HP48 Complex Matrices or Simultaneous Equations



#8

Hello,

I am having trouble solving simultaneous equations, 2X2 or 3X3 when complex numbers are used. Despite the approach I take, a syntax error always develops when I enter the constants. Please help!! Thank you.

Tom


#9

Hello Tom,

I hope the following may help:

http://www.hpmuseum.org/cgi-sys/cgiwrap/hpmuseum/archv015.cgi?read=82010

Gerson.

#10

Tom --

In addition to Gerson's link, the following threads from Archive #15 should also be helpful to you:

HP48g function

HP-49G Vector-Matrix Multiplication

-- KS


#11

Hello Karl,

I never used the "Solve lin sys..." in the 48 because my colleague's program was easier to use (I'd just enter the circuit equations and the list of unknows). Too bad the program does not work in the 49G. I tried different flags settings but to no avail. Do you, or someone else, know how flags should be set so that the 49G/G+ becomes as most compatible as possible with the 48? Thanks.

Gerson.


#12

Hello, Gerson --

Sorry, although I have one example of each RPL-based HP calculator (28C/48G/49G) with manuals, I'm not very proficient at any of them, and don't really want to make the effort to do so.

I can't even find some of the menu-driven functionality of the HP-48G (such as numerical integration) on the HP-49G.

Maybe James Prange would know best how to emulate a 48G on a 49G...

-- KS


#13

Hello Karl,

Quote:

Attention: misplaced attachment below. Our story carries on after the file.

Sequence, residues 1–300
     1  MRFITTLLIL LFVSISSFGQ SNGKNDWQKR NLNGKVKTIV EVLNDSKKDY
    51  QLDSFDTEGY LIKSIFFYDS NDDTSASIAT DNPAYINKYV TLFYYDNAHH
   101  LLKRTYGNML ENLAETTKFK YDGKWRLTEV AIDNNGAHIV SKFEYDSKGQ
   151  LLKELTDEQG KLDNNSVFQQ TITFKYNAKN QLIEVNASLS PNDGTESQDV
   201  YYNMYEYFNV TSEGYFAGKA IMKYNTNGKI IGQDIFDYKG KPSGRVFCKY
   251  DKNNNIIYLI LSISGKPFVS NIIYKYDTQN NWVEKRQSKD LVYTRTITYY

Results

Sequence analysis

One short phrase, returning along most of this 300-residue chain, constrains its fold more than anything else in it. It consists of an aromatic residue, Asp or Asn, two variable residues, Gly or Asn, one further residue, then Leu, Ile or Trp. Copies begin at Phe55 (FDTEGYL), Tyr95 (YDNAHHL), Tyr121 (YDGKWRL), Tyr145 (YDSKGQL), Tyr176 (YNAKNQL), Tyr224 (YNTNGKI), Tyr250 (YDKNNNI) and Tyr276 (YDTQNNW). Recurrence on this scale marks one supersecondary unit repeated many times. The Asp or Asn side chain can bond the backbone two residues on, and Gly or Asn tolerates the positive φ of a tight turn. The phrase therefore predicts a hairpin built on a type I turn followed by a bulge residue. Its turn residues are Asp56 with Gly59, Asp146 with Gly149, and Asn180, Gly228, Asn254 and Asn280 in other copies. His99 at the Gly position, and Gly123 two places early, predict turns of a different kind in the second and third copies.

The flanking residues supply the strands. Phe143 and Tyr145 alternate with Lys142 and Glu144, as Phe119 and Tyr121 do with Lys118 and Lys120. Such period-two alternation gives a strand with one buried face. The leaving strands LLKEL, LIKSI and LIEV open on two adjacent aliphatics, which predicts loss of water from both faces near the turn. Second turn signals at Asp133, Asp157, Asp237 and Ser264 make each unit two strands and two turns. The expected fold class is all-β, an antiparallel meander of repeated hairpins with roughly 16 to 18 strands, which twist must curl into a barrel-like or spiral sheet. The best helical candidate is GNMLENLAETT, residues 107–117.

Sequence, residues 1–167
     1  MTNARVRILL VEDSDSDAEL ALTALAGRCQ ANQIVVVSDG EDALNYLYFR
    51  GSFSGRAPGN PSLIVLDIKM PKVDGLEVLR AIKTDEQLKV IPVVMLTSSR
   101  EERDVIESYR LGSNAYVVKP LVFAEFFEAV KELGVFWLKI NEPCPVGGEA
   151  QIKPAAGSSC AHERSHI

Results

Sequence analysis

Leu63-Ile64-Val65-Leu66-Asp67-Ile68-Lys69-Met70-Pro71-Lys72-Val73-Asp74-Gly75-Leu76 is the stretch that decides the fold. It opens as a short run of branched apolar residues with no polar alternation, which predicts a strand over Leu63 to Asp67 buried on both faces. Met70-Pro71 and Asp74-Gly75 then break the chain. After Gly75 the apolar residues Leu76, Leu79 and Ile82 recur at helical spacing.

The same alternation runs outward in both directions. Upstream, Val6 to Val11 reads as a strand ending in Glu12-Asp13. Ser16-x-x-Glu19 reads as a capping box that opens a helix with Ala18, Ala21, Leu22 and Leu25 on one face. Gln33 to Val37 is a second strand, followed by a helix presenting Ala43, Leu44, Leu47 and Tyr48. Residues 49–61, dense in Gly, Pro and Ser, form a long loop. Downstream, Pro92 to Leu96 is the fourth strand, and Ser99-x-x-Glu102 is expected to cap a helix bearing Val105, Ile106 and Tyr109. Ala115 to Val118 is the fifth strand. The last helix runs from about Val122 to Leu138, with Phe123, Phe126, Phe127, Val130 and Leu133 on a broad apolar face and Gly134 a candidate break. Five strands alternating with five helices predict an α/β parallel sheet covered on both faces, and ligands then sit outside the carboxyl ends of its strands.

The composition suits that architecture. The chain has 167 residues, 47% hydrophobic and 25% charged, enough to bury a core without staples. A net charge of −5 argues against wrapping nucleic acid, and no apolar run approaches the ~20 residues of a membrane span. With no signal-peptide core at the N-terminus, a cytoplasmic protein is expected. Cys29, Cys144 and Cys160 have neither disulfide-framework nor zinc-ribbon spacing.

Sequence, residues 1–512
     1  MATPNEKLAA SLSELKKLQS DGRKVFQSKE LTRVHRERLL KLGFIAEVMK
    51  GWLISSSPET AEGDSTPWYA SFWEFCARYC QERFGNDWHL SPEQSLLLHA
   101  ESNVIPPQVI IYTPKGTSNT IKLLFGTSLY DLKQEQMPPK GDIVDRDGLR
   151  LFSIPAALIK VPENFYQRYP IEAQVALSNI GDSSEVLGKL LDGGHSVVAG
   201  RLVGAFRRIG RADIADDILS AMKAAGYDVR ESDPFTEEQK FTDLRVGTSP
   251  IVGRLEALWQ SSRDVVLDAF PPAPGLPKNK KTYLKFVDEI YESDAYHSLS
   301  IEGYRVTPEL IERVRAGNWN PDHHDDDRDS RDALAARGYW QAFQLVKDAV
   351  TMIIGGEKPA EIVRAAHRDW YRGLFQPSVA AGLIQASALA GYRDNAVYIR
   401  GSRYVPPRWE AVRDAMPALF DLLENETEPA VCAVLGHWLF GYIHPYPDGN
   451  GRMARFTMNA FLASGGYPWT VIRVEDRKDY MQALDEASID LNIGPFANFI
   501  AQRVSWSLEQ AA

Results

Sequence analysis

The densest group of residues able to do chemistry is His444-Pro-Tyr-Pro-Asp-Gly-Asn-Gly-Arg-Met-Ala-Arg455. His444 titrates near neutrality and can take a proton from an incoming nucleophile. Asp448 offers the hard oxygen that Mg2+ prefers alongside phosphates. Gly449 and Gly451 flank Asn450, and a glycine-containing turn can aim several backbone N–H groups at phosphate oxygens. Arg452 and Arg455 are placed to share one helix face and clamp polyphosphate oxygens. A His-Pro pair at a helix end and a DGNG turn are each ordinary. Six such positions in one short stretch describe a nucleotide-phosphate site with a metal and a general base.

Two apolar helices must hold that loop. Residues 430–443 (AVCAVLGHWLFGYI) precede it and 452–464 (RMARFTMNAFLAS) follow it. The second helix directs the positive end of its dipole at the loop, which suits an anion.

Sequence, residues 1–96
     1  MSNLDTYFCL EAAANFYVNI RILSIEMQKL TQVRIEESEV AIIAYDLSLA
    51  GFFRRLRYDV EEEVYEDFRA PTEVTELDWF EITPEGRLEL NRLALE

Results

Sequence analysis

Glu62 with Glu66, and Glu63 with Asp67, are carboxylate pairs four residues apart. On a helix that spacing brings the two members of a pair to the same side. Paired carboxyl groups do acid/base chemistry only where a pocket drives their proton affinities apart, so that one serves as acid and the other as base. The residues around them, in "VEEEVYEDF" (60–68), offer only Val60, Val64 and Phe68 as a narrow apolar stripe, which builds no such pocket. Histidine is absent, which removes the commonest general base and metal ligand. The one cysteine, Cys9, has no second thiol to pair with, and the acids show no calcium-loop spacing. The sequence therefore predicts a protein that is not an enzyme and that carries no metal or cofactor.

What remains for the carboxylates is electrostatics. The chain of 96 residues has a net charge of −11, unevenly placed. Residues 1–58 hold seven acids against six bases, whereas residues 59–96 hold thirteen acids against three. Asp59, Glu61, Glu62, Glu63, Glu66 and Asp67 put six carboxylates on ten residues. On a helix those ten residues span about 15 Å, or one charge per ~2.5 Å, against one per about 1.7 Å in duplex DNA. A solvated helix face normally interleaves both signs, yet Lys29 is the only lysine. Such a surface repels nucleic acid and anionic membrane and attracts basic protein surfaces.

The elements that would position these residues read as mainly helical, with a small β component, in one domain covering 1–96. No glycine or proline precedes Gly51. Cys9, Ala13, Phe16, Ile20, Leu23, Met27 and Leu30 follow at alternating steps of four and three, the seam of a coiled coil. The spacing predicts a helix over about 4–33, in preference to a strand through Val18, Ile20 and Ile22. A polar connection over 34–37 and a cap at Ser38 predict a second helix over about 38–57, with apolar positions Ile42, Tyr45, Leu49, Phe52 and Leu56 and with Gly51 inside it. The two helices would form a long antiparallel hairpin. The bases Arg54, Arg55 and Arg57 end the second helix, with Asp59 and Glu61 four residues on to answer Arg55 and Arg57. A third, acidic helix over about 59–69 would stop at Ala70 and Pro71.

I can't even find some of the menu-driven functionality of the HP-48G (such as numerical integration) on the HP-49G.

I cannot find that either.

On the 49G, I prefer flag -117 set (soft menus instead of choose boxes) and, needless to say, RPN.

I spent so many years before graduating, working during the day and rushing to college after hours, that various generations of HP calculators passed me by (15C, 28S, 48 :-)

Thanks just the same,

Gerson.

#14

Quote:
Maybe James Prange would know best how to emulate a 48G on a 49G...

Write your own ROM (actually flash) code?

Maybe a huge library?

Although the 49 series has some improvements and is more fun to
play around with, it can be very frustrating to me. When I just
want to get some real work done, I use the 48SX or 48GX.

Sometimes the CAS does things that I don't want, and I don't know
how to work around it. Some of the new system flags (-65 through
-128) are still a bit of a mystery to me; see the 49g+ AUR
appendix C. Maybe some of the new flags, or new CAS commands and
reserved variables, would solve some of my problems.

Quote:
I can't even find some of the menu-driven functionality of the
HP-48G (such as numerical integration) on the HP-49G.

Maybe you mean the input form that you get on the 48GX by pressing
RS SYMBOLIC and then choosing Integrate...? Me neither; I guess
that we're just supposed to know which order the arguments have to
be in. Let's see now, how many arguments do I need for
integration? Some of the input forms in the 48GX I don't